1234. Blood Whole Genome Expression Profiles in Congenital Cytomegalovirus Infection (cCMVi): Is the Asymptomatic Infant Truly Asymptomatic?
Session: Poster Abstract Session: Viral Infections: Pathogenesis and Immunity
Friday, October 9, 2015
Room: Poster Hall
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  • Background: cCMVi is the most common congenitally acquired infection worldwide and varies from clinically apparent (“symptomatic”) to clinically inapparent (“asymptomatic”) disease. It also  represents the most frequent non-genetic cause of sensorineural hearing loss (SNHL). To date, no biomarker has been identified that can objectively assess disease severity or predict SNHL. Analysis of host genome expression profiles has provided new insights into disease pathogenesis and assessment of clinical severity. Its value as a biomarker in infants with cCMVi has not been explored.

    Methods: 71 infants with cCMVi (39 symptomatic and 32 asymptomatic) and 5 healthy controls (HC) were enrolled at Children’s Medical Center Dallas and Parkland Hospital (Dallas, TX) from 2/2006 to 5/2012. Whole blood samples were collected at a median age of 17 days (range 5-61 days) and RNA transcriptional profiles were compared among groups. Symptomatic cCMVi was defined as the presence of any clinical, laboratory or neuroimaging abnormalities. Infants were followed for development of SNHL.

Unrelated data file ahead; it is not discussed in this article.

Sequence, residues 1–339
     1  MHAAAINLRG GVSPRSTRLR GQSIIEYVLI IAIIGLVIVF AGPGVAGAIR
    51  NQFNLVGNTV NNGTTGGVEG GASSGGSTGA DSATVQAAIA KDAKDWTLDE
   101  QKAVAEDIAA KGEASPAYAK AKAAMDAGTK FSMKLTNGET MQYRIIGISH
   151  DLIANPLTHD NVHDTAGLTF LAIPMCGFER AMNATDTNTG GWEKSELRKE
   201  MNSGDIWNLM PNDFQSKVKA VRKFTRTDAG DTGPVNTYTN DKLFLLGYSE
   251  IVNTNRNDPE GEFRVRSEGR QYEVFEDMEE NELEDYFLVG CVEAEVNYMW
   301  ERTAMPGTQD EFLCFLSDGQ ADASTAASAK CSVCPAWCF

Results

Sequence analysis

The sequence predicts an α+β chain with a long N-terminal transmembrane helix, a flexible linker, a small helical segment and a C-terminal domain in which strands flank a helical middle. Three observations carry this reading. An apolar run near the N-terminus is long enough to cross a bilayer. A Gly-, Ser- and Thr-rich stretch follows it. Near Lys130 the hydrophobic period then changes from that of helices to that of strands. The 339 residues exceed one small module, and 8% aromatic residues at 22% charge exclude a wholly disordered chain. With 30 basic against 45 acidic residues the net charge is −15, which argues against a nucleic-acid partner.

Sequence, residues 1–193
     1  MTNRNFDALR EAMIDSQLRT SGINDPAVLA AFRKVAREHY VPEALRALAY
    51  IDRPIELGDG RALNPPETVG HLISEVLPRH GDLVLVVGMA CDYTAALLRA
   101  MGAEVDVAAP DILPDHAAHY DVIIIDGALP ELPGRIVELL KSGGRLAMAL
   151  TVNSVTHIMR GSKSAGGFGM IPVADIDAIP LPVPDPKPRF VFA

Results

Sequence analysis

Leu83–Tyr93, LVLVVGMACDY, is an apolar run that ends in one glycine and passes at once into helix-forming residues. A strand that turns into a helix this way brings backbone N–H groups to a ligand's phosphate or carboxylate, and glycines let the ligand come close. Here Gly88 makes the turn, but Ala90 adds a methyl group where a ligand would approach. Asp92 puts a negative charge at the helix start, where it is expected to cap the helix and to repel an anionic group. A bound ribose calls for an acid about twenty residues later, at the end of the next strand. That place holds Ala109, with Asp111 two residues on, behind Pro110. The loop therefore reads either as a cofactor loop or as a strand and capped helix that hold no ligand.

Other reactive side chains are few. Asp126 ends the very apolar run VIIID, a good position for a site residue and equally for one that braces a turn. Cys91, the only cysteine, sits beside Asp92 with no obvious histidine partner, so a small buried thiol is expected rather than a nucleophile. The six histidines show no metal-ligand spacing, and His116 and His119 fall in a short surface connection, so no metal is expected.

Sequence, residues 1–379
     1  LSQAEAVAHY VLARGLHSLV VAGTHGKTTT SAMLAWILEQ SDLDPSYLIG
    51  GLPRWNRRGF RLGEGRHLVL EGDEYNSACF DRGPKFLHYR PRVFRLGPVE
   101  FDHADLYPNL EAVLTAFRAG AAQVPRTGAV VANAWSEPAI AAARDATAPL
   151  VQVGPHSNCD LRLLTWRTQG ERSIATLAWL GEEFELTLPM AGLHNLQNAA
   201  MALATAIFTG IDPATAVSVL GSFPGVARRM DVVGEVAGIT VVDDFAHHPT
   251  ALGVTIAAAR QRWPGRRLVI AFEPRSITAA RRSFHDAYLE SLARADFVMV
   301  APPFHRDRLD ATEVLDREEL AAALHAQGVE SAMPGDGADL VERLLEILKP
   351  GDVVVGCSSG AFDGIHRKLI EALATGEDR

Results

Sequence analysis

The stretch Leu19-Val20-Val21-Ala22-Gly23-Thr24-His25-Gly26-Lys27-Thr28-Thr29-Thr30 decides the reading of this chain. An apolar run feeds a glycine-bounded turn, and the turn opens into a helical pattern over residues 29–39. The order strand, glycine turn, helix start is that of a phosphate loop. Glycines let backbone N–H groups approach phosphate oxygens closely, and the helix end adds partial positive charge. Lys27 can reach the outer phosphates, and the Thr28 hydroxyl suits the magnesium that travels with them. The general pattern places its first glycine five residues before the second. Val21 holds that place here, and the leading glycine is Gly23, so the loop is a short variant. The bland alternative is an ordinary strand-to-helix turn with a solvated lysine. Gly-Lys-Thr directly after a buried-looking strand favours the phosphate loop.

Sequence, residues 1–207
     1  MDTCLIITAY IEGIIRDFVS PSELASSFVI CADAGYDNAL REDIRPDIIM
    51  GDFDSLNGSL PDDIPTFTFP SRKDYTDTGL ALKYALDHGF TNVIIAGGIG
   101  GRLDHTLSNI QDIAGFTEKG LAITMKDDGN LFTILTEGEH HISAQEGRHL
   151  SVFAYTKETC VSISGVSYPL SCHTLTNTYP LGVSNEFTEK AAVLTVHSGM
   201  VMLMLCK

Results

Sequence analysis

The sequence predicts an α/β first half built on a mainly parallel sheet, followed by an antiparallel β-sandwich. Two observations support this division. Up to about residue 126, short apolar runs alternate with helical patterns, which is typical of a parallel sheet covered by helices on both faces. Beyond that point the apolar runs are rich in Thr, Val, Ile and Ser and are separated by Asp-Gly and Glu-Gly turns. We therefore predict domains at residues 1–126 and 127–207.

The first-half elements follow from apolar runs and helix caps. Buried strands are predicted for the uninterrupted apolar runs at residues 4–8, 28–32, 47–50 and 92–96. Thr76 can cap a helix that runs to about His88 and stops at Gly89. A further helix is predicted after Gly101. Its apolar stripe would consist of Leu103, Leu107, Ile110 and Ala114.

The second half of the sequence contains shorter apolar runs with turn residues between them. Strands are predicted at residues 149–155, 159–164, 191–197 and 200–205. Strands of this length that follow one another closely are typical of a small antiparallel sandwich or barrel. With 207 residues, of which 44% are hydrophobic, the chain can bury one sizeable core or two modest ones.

Results: Statistical group comparisons between HC and 20 symptomatic cCMV infants identified 1,202 differentially expressed genes (CMV biosignature) that were validated in an independent group of 19 symptomatic cCMV infants with 100% accuracy. The biosignature of symptomatic cCMVi was characterized by overexpression of interferon, T- and B-cell genes, and underexpression of monocyte and inflammation genes. Similar immune profiles were observed in infants with asymptomatic cCMVi. A genomic score applied to the whole cohort showed a significant increase in both cCMVi groups versus HC with no significant differences between infants with symptomatic and asymptomatic cCMVi. Among 15 infants with asymptomatic cCMVi who had audiologic follow-up for at least 3 years, those who developed late-onset SNHL (n=8) showed significant overexpression of T-cell genes when compared with asymptomatic infants without late-onset SNHL (n=7).

    Conclusion: A distinct biosignature was present in infants with cCMVi regardless of their clinical classification (asymptomatic vs. symptomatic). Asymptomatic cCMVi infants who developed SNHL demonstrated overexpression of T-cell genes at diagnosis, suggesting the potential value of immune profiles as predictive biomarkers.

    Christopher Ouellette, MD1, Pablo J. Sanchez, MD, FIDSA, FPIDS1, Bennett Smith, BS2, Fiker Zeray, RN, PNP3, Lizette Torres, RN4, Andrea Ronchi, MD5, Joseph Cantey, MD4, Octavio Ramilo, MD, FPIDS1,2 and Asuncion Mejias, MD, PhD1,2, (1)Pediatrics, Division of Infectious Diseases, Nationwide Children's Hospital, Columbus, OH, (2)Center for Vaccines and Immunity, The Research Institute at Nationwide Children's Hospital, Columbus, OH, (3)Children's Medical Center, Dallas, TX, (4)Pediatrics, University of Texas Southwestern Medical Center, Dallas, TX, (5)Clinical Sciences and Community Health, Neonatal Intensive Care Unit, Fondazione IRCCS Ca' Granda Ospedale Maggiore Policlinico, Milan, Italy


    C. Ouellette, None

    P. J. Sanchez, AbbVie Inc: Consultant and Scientific Advisor , Consulting fee and Speaker honorarium
    MedImmune: Grant Investigator , Research support

    B. Smith, None

    F. Zeray, None

    L. Torres, None

    A. Ronchi, None

    J. Cantey, None

    O. Ramilo, None

    A. Mejias, None

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